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Quality Scan: Measuring-Machine Maintenance sn't Optional


 
 
 
 
 
 
 
 



By Jeff
Parcher
Service Manager
Carl Zeiss IMT Corp.
Maple Grove, MN
      
          

    

Maintaining inspection equipment--any type of equipment for that matter--is generally viewed as a nuisance, and manufacturers rarely think about the benefits, only the costs involved. In fact, machine maintenance is not only necessary to keep the system in optimal condition, it also offers several benefits that positively affect the bottom line, enhance product quality, and protect your investment.

Proper maintenance of coordinate measuring machines (CMMs) basically requires two key services that are often confused: Preventative maintenance (PM) and machine calibration. Maintenance includes machine inspection, replacement of worn or damaged components, hardware (mechanical/electrical) adjustments, and thorough cleaning to ensure that the machine is in a reliable condition. Calibration service generally consists of verifying how accurately the machine measures a workpiece, and any adjustments that are needed to achieve optimal data results.

Many owners of CMMs believe that a calibration is sufficient to keep their machine running and in peak condition. In reality, calibrating a machine without performing preventative maintenance leaves the manufacturer open to problematic, possibly costly, repair services. To avoid unnecessary repairs, emphasis on preventative maintenance should be considered in addition to the usual calibration work that will be done during your next scheduled service.

Before scheduling a service call, manufacturers should define a few machine specifics for the service personnel, such as:

What are the quality requirements? Does the machine need an ISO 17025 calibration?

ISO 17025 is a calibration-system standard and a requirement for manufacturers producing parts for an automotive manufacturer. It's a documented quality process that provides information on how the machine is performing before it's serviced--that is, it informs the service technician of any problems with data quality up to that point. Both the before-calibration and after-calibration data include linear- measurement uncertainty and scanning-performance uncertainty data, and this information is only produced by this particular process.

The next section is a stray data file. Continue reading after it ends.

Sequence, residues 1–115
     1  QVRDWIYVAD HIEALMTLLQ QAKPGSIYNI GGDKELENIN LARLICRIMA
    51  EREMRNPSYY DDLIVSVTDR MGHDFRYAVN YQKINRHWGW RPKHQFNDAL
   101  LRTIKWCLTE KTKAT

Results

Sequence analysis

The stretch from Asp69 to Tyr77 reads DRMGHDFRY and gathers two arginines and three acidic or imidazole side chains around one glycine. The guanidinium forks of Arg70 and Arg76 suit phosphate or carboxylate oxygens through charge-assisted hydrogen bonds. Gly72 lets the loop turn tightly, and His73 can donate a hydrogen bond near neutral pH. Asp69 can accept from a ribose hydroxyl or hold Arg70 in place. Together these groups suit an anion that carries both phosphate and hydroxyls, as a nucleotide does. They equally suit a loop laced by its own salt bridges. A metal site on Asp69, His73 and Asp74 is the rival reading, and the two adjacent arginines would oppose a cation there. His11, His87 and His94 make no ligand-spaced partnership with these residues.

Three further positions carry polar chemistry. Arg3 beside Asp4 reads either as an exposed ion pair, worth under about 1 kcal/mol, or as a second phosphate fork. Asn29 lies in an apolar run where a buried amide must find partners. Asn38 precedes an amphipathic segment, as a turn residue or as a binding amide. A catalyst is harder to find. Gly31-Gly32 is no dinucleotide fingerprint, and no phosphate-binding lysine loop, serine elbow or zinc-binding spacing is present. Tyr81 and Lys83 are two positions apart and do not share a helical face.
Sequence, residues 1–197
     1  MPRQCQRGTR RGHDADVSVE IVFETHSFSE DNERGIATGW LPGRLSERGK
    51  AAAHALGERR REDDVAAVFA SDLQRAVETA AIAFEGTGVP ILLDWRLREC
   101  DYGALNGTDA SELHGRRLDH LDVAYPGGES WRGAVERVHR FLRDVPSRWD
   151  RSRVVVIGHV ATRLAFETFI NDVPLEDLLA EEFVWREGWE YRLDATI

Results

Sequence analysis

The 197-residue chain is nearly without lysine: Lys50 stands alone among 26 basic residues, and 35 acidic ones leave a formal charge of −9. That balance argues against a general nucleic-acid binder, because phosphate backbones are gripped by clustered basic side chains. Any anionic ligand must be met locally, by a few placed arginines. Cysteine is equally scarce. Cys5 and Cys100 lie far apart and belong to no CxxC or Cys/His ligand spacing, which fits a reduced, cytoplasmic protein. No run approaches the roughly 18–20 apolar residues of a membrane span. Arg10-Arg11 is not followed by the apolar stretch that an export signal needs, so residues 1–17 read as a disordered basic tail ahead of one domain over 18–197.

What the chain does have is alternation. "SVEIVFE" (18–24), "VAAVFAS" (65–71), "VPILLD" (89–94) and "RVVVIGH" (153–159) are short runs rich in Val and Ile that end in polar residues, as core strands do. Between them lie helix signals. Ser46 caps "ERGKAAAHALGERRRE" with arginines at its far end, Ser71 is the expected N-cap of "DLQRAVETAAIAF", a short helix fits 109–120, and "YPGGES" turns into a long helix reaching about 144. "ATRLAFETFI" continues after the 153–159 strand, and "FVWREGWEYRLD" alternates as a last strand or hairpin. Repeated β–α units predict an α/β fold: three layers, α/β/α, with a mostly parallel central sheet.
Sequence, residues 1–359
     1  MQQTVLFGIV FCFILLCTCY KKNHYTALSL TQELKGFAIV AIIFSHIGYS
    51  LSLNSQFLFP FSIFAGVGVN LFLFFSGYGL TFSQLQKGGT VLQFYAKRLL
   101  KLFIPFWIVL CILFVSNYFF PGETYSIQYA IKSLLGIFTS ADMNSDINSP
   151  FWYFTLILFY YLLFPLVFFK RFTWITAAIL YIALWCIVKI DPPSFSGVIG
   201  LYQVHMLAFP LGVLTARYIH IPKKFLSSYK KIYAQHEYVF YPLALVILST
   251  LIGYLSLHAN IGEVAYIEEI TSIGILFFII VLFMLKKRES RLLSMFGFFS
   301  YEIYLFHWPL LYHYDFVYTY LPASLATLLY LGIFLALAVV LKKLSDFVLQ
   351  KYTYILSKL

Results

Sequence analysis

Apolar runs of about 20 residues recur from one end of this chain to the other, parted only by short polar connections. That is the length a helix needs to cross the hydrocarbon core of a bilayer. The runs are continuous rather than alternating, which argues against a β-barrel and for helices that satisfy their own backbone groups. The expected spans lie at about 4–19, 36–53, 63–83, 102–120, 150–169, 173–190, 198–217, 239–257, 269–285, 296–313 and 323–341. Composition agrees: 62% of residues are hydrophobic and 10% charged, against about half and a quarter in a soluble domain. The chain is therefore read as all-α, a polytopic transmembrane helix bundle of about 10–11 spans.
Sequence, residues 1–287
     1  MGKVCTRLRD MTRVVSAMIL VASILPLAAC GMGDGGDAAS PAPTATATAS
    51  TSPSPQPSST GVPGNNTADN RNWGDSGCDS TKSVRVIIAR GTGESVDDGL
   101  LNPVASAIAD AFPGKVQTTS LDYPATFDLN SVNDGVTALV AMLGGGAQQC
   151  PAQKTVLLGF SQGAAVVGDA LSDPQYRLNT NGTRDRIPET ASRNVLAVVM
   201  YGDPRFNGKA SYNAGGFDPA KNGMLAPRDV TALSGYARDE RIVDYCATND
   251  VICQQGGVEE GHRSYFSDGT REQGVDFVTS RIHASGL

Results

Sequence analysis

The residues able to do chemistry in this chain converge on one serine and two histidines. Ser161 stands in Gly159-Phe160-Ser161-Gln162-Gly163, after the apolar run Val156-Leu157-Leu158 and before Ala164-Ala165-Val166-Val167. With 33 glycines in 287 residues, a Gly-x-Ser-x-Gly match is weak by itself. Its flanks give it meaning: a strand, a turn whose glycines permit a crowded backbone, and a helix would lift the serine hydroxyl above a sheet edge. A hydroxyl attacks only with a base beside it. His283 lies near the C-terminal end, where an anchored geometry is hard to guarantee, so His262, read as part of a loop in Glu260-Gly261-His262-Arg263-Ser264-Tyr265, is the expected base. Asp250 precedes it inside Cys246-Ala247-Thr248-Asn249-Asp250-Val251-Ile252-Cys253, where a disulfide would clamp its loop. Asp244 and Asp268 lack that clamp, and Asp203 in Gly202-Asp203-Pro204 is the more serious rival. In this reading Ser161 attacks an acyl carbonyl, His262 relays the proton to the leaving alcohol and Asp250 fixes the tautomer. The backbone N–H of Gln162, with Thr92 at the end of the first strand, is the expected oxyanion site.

What is the operational uptime? How many hours per day is the machine used?

Many manufacturers run more than one shift. Calculated over one year, one shift generally adds up to 2000 hr of machine operation, if the machine is used throughout the course of that shift. If the machine is operated on a two or three-shift schedule, the frequency of machine-maintenance and machine-calibration services should be increased to ensure best performance. When it comes to service visits, the manufacturer's recommended maintenance intervals serve as your guideline and should be followed.

Utilizing a full service provider, in most cases the original manufacturer of the CMM, and understanding your operational needs, are the keys to ensuring that your machine is in optimum condition. Full-service providers can help you develop and implement a machine-maintenance program tailored to your company's operational requirements. While on-site, well-trained technicians from full-service OEMs can identify performance issues, and correct them. Immediate correction of any suboptimal performance prevents future machine failure, and also saves you the cost associated with a follow-up repair service. In addition, good technicians can adjust the machine's mechanics, controller, or accuracy. Keep in mind that making such adjustments generally requires using the CMM manufacturer's proprietary software.

The benefits that arise from maintaining your inspection system not only include increased machine uptime, but also extended component lifetime, lower maintenance costs, and optimal inspection results. After a complete maintenance service has been performed, the machine is going to be in a reliable condition for basically one year, or 2000 hr of operation. Planned maintenance is certainly preferable to the expensive and unnecessary downtime that can result when a machine is not properly adjusted.

A few CMM manufacturers even offer remote services that can make an on-site service call unnecessary, or reduce its costs, because technicians can determine which part to bring on-line, before coming to your site. For remote service, only a network connection is needed to allow opt-in desktop sharing, and therefore monitoring of the CMM computer and machine. Remote service can put your machine back into action quickly, and help to reduce downtime.

In a nutshell, maintenance and calibration services are basically designed to help keep CMMs in peak form. Proper maintenance decreases unscheduled repairs, which in turn reduces overall service costs. Maintained parts function better for a longer period of time, and help your equipment provide consistent results.



This article was first published in the October 2005 edition of Manufacturing Engineering magazine. 


Published Date : 10/1/2005

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